July 12, 2018

Ken Peterson, a professor of music at Dixie State University who was terminated earlier this year for alleged violations of university confidentiality policies, will be reinstated, following a Utah System of Higher Education decision in his favor, the St. George News reported. “The matter has been resolved and I will be returning to my teaching position,” Peterson said in a statement. “I don’t have the words to adequately express my gratitude for the outpouring of support I’ve received from my friends, students, fellow faculty, and the community.”

A university spokesperson said that Dixie State “wholeheartedly supports this decision, and we look forward to working with Peterson again.” University policies and procedures “exist to provide a structured process and ensure fairness to and protection of faculty members throughout appeals,” she added.

Peterson and another professor of music, Glenn Webb, were terminated last semester for allegedly discussing the tenure bid of a colleague in their department. The university accused the two professors of serious violations of university ethics rules. But the professors’ many supporters said termination should be reserved for the most serious of offenses, not gossip. A faculty review board also has recommended that Webb be reinstated, but the state university system has not yet weighed in on his appeal.

July 12, 2018

A new report from the Century Foundation released today found that statewide free college programs received more political support during economic downturns, even when overall spending on higher education fell.

According to the report, funding per full-time-equivalent student grew between 12 and 142 percent in six states studied from 2007 to 2013, during the Great Recession, while overall state funding per FTE student fell between 18 and 38 percent in each state.

Jen Mishory, a senior fellow at the Century Foundation and author of the report, examined free college programs in Delaware, Indiana, Louisiana, Mississippi, Missouri and Oklahoma that vary in eligibility requirements. All of the programs offered free tuition and were not solely merit based. She found that these programs retained and increased funding even when the legislatures in those states cut funding for other financial aid programs. And all six programs grew at a time when their state financial aid budgets fell by an average of 6 percent per FTE nationally.

"Budgets were tight during the Great Recession, and even during those tight times, [these programs] sustained or increased funding over time," Mishory said. "What's interesting is none of these programs are truly universal."

Some of the programs maintained political support despite having an inequitable structure that sends disproportionate aid to wealthy families, while others also had political support but limited their dollars to low- and middle-income families.

Mishory said that future programs that offer clear messages and defined benefits and that target low and middle-income students and have sustainable funding streams can drive support.

July 12, 2018

A study published by the American Enterprise Institute Wednesday suggests that the proportion of low-income students at selective colleges is edging up, not decreasing, as some other recent studies have suggested. Instead, the paper argues, the group that has been most squeezed out of selective private and public colleges in the last decade has been those students in the middle socioeconomic quartiles.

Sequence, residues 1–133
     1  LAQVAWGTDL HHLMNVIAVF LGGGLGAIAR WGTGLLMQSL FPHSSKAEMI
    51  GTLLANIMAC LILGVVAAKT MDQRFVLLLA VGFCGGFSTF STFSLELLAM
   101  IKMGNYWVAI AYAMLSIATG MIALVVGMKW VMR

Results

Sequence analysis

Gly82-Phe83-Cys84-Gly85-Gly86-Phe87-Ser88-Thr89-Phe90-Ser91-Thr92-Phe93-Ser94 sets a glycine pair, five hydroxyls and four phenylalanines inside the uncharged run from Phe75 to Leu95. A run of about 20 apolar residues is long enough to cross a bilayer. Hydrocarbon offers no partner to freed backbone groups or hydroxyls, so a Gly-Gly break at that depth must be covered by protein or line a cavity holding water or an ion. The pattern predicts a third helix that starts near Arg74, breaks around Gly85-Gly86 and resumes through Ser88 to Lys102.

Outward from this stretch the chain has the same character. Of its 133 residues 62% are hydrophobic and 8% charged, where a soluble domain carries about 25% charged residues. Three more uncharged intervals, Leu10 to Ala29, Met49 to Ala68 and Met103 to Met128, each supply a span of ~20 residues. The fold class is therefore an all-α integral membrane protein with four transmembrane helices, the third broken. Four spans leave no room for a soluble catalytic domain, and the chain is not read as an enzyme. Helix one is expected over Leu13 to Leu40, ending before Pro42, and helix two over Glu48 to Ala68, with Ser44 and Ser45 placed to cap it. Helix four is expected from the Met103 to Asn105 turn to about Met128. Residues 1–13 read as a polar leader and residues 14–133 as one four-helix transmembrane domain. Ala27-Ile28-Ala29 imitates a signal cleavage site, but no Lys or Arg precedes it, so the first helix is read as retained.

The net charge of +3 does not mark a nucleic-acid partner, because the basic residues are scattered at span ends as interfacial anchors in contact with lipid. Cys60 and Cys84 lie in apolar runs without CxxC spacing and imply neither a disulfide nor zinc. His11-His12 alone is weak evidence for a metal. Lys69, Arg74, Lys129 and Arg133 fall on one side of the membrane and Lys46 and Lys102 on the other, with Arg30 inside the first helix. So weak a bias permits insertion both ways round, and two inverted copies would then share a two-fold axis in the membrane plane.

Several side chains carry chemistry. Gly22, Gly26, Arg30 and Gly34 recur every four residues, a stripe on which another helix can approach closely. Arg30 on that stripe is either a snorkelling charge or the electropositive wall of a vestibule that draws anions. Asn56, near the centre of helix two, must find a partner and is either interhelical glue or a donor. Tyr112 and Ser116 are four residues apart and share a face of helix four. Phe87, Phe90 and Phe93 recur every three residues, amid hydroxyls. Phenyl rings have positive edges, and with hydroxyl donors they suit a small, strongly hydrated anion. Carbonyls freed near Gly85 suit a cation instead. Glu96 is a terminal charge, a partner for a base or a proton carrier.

But the impression most readers of the study are likely to be left with is that students from the top quartile continue to dominate enrollments at the 200 most selective colleges and universities. In 2015-16, the latest year for which AEI had data from the Education Department's National Postsecondary Student Aid Survey, 54.2 percent of undergraduates at those colleges were from the top 25 percent of the socioeconomic ladder, while the remaining students were split fairly equally from the other three quartiles.

July 12, 2018

A new report by Joni Finney of the University of Pennsylvania Graduate School of Education offers state-by-state comparisons on postsecondary educational opportunity. States are evaluated on factors such as preparation of high school students, engagement with nontraditional college students, support for minority students and the fiscal heath of the state. Many of the states are found lacking. General analysis plus the state comparisons may be found here.

July 12, 2018

The announcements keep coming -- Brown University will no longer require applicants to submit the essay portion of either the SAT or ACT. A statement from Logan Powell, the university’s dean of admission, said, “Our goal is that for any talented student interested in Brown, the application process is not a deterrent -- and we don’t want this test to be a barrier to their application.”

Princeton and Stanford Universities announced last week that they were dropping the requirement. So has the California Institute of Technology.

July 12, 2018

Three institutions -- the University of North Carolina at Charlotte, California State University Fresno and Montgomery County Community College -- are working to update their advising practices with technology, and sharing their progress.

The Community College Research Center recently published a report outlining how each of the institutions is proactively reaching out to students that might need help, as well as working to more effectively use data in students’ one-on-one sessions with advisers.

Early results indicate that all three institutions have had to restructure their advising to enable students to have longer sessions with advisers. The institutions have also grappled with how to use data such as early-alert flags and midterm grades to encourage, rather than discourage, students.

Future reports will discuss the short- and long-term impact of these advising strategies on student outcomes.